Mohamed Hosny Al-Sayyed Mubarak, former president of Egypt, has died, age 91, on the 25th of last February. 8 months earlier, on 17 June 2019, Mohamed Morsi Eissa El-Ayyat, also a former president of Egypt, has died, age 68. Both men have ruled Egypt, with a large difference of their respective tenures; the first has held office for almost 30 years, while the second has hardly held it for a year. Both men were deposed from office after public protests with millions of Egyptians taking part. In both cases, the military institution has stepped in, pressuring the first to step down by his own will, on 11 February 2011, while removing the second through a coup, on 3 July 2013.
Both men, once removed from office, have faced different criminal and political charges that ranged from participation in murdering protesters and communicating with foreign countries, to illicit gains and theft, but simple observation alone is enough to reveal a large difference in what each has gone through, starting with pressing charges, investigations, trial, pretrial detention, and imprisonment, until their death.
Hence, both legal courses of action, of the justice institution and law enforcement apparatuses, concerning the two men, while constituting exceptional cases of two men who held the highest executive office in the state, and for the first time in history were tried for criminal charges with judgments issued against both, these cases still, on the other hand represent an important example of the compliance of state institutions to principles of equality before the law, independence and impartiality of the judiciary, the standards of fair trial, and humane treatment of prisoners.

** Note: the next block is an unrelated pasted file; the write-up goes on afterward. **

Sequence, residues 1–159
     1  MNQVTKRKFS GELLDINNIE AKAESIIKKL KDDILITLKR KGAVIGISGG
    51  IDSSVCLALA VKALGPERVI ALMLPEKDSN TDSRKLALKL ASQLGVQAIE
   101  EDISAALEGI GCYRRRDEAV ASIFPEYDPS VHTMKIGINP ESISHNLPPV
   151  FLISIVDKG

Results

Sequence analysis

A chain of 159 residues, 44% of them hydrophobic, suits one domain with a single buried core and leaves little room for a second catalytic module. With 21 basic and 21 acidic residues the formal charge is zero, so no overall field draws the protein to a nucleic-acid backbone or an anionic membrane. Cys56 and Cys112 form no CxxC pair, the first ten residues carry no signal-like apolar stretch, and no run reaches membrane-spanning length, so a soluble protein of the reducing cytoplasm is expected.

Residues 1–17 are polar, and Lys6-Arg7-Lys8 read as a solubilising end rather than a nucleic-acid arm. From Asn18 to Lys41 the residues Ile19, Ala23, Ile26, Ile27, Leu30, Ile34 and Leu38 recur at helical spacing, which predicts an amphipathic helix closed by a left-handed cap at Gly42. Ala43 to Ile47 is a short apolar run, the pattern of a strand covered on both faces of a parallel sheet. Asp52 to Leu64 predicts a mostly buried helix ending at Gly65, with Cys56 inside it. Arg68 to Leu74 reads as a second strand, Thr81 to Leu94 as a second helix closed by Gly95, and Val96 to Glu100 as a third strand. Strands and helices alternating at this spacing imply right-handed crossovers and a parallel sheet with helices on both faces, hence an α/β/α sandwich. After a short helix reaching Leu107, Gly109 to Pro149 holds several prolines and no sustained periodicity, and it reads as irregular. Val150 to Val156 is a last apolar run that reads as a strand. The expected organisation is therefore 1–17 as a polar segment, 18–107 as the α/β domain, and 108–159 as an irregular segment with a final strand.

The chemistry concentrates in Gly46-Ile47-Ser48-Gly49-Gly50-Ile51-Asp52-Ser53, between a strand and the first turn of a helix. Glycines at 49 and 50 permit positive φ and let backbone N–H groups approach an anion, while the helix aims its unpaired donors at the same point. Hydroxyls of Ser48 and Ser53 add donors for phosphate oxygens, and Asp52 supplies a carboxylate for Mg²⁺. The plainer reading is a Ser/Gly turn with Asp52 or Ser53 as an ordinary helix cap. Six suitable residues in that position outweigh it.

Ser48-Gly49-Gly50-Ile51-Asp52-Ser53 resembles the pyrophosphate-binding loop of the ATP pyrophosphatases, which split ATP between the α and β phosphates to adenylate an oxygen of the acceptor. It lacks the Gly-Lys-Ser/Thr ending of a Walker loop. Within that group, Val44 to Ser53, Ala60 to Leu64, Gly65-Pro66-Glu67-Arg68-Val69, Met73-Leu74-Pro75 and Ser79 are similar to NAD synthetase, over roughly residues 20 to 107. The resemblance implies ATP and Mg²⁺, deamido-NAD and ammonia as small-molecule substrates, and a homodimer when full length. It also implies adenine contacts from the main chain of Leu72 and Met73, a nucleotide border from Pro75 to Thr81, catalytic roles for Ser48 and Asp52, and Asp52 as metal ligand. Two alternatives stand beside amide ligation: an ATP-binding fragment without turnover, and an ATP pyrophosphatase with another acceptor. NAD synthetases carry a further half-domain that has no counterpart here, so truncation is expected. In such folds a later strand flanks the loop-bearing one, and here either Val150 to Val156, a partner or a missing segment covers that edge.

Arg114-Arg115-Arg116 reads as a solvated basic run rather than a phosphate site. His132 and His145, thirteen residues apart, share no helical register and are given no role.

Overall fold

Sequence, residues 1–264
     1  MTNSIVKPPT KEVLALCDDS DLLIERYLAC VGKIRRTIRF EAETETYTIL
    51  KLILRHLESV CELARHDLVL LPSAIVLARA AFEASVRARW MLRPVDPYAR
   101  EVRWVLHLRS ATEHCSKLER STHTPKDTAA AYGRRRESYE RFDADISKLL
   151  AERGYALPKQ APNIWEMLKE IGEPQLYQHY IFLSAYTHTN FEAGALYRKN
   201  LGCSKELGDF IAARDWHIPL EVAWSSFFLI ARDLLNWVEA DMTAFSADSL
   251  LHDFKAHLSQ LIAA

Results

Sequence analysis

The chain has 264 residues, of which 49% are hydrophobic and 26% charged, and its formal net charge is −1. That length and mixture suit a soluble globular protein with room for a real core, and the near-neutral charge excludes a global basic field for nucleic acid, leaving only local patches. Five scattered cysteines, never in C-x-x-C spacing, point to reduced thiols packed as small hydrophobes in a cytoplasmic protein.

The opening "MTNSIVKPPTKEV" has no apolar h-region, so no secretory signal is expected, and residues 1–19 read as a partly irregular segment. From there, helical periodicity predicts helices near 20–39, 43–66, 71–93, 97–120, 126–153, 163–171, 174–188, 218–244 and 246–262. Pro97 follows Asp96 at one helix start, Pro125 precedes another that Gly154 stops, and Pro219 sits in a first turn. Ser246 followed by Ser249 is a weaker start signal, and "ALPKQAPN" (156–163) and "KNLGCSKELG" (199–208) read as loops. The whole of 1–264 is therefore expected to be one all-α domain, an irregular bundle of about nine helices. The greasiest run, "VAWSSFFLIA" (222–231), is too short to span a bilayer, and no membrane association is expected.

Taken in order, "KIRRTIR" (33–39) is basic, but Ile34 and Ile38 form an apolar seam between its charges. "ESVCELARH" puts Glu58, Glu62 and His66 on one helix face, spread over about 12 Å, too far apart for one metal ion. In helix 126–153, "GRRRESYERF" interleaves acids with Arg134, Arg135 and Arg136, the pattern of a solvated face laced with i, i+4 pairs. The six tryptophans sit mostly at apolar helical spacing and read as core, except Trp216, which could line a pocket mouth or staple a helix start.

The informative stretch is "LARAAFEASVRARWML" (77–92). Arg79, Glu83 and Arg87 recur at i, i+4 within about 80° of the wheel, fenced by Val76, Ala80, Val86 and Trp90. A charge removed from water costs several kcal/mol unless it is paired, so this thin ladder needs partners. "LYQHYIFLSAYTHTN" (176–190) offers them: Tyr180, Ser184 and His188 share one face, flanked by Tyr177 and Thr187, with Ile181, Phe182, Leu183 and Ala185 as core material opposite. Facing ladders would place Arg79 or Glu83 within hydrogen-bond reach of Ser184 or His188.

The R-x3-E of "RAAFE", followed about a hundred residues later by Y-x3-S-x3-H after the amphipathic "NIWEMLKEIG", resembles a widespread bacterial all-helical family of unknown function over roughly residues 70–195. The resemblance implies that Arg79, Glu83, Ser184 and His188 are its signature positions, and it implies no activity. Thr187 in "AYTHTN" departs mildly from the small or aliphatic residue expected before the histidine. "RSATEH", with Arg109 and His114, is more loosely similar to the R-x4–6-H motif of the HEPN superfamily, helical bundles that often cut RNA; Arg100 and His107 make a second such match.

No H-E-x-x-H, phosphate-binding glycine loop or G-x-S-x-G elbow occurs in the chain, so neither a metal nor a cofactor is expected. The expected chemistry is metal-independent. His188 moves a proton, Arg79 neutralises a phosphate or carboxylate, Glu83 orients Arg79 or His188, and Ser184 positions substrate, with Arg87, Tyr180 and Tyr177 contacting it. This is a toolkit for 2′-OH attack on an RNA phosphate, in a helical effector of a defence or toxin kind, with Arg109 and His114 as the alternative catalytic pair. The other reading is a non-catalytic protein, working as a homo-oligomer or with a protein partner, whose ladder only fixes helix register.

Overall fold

This paper seeks to compare the courses and conditions of filing charges, trial, and imprisonment of both presidents, with the purpose of highlighting the overlooked rights side in comparison with the political one, of relevant Egyptian state institutions’ treatment of each. The paper also seeks through this comparison to re-shed the light over the severe rights violations of law enforcement apparatuses, which, although underlined repeatedly in many local and international human rights reports throughout recent years, still remains our duty to bring them up again to light with every new angle becoming available.
The paper uses the article of international human rights agreements and covenants, ratified by Egypt, as well as, the articles of the constitution and relevant laws as the base for comparison. Hence, after a brief historical background it goes through these article before detailing the different aspects of comparison between the cases of Mubarak and Morsi, and finally offers a few recommendations.